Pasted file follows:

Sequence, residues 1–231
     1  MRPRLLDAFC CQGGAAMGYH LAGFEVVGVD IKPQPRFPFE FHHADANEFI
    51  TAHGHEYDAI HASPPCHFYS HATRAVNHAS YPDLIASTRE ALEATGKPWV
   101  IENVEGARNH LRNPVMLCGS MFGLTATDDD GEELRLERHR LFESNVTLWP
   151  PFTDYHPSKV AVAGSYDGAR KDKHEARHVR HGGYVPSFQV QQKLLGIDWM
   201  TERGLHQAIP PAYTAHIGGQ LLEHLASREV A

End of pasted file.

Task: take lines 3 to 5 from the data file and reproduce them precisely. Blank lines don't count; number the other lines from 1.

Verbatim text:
    51  TAHGHEYDAI HASPPCHFYS HATRAVNHAS YPDLIASTRE ALEATGKPWV
   101  IENVEGARNH LRNPVMLCGS MFGLTATDDD GEELRLERHR LFESNVTLWP
   151  PFTDYHPSKV AVAGSYDGAR KDKHEARHVR HGGYVPSFQV QQKLLGIDWM